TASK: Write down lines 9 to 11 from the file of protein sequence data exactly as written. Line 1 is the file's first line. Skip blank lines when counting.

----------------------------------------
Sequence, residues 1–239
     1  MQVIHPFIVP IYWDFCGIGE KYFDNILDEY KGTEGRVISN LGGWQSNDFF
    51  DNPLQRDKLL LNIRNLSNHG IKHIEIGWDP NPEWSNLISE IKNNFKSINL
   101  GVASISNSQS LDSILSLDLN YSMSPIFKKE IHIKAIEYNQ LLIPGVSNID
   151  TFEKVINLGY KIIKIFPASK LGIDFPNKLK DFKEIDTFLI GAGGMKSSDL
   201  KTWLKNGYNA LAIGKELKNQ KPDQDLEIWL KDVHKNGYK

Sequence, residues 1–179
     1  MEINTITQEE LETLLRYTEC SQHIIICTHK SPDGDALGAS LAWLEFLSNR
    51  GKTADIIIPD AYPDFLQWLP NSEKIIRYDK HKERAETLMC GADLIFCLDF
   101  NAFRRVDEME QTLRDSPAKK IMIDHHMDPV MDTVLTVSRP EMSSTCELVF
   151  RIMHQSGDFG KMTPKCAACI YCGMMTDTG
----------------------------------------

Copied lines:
    51  GKTADIIIPD AYPDFLQWLP NSEKIIRYDK HKERAETLMC GADLIFCLDF
   101  NAFRRVDEME QTLRDSPAKK IMIDHHMDPV MDTVLTVSRP EMSSTCELVF
   151  RIMHQSGDFG KMTPKCAACI YCGMMTDTG